Subscribe to our newsletter

(Credit: Raph PH)


Tom Morello doesn't know how to use his home studio

Rage Against The Machine guitarist Tom Morello has admitted that he doesn’t know how to use his expansive home studio. The musician also revealed that, because of this factor, he decided to use his phone to record parts of his most recent album. In an interview with Guitar World, Morello explained: “I have a nice studio in my house but I don’t know how to work it. Like, I don’t know how to move any of the buttons around”.

Normally, this wouldn’t have phased Morello. However, the Covid-19 lockdowns brought the fact that he doesn’t know how to use his studio to the fore. He knew that he was “not going to be able to play shows” as “not going to be able to record music”.

He appended: “But then I was reading an interview where Kanye West said he recorded the vocals to a couple of his big hit records using the voice memo on his phone. So I did that.”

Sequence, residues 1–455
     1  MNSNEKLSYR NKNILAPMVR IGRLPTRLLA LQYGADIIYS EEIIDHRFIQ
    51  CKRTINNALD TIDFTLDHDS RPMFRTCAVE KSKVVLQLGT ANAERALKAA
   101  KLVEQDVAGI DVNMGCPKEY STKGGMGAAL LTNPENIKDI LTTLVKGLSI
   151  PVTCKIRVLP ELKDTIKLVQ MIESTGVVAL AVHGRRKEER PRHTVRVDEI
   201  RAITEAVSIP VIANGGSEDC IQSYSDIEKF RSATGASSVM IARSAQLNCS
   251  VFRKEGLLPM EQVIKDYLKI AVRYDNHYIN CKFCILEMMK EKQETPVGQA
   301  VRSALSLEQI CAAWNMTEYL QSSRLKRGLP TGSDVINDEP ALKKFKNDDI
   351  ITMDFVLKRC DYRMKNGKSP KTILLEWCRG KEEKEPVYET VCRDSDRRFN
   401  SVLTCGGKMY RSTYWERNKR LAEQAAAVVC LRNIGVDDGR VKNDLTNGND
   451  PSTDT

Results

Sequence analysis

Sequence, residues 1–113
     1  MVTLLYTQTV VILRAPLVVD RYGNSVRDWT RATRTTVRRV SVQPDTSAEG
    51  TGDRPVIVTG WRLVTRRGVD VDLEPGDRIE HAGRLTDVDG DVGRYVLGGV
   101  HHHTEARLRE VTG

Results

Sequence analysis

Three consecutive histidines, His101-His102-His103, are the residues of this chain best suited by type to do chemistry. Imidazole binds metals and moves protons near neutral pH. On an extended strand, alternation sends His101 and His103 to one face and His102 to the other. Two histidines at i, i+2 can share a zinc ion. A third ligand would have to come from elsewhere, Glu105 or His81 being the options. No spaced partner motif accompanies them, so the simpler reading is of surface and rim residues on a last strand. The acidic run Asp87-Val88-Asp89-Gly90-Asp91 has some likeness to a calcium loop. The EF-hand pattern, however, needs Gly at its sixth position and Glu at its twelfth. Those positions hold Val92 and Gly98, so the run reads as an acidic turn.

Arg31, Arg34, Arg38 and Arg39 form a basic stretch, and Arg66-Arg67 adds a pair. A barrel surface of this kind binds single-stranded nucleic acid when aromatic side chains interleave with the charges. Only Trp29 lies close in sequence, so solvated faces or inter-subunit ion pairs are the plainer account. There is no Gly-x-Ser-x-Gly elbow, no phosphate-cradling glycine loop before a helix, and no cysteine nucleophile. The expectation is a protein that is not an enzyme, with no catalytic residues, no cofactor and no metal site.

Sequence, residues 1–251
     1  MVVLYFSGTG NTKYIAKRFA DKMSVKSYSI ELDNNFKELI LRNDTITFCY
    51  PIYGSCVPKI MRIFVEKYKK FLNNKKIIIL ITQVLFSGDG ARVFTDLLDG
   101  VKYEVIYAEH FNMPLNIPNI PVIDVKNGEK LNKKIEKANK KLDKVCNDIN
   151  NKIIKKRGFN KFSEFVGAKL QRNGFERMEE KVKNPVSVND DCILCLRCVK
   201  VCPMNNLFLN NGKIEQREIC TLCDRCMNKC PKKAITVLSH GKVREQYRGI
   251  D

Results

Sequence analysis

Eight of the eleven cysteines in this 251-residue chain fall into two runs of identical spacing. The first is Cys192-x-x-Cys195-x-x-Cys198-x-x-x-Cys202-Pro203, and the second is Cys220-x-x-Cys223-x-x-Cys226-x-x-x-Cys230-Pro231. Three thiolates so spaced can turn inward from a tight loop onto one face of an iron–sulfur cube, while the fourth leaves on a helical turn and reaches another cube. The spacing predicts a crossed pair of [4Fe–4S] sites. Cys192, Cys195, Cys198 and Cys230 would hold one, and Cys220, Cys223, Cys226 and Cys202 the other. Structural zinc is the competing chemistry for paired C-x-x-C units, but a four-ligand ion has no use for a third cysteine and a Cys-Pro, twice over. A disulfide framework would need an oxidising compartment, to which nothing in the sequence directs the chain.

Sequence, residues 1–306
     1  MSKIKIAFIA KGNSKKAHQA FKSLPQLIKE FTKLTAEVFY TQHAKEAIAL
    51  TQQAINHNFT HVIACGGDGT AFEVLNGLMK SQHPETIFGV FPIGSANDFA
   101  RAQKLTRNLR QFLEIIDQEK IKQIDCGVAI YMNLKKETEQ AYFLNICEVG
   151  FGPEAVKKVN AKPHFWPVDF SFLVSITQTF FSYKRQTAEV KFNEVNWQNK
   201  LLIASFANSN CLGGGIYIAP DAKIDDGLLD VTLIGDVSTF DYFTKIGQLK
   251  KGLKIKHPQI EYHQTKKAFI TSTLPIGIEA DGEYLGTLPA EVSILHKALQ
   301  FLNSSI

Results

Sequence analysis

Ever the prolific musician, the guitarist has released two albums during the pandemic, home studio problems aside. The Atlas Underground Fire came in September, which was followed by The Atlas Underground Flood at the start of December. 

Of The Atlas Underground Flood, Far Out’s Tyler Golsen wrote: “If it ain’t broke, don’t fix it. On his most recent addition to the series, The Atlas Underground Flood takes artists from all different backgrounds, genres, and styles to filter their unique tastes through Morello’s heady and conscious ideals (a more cynical writer might call it “woke”, but Morello is a man who’s walked the walk for 30 years, so he deserves a more respectful analysis)”.

The review concluded: “The Atlas Underground Flood is big, obvious, somewhat inessential, and contains career highlights from no one involved. But just like The Atlas Underground Fire, all I really want is to hear a bunch of legends and fun modern artists play off each other. All I want is a three-way guitar battle between Morello, Kirk Hammett, and Alex Lifeson. That’s worth the price of admission right there, and the entire album plays into that same sense of loose jammy fun. It’s just a good time, and sometimes albums don’t need to be anything more than a good time.”

Listen to The Atlas Underground Flood below.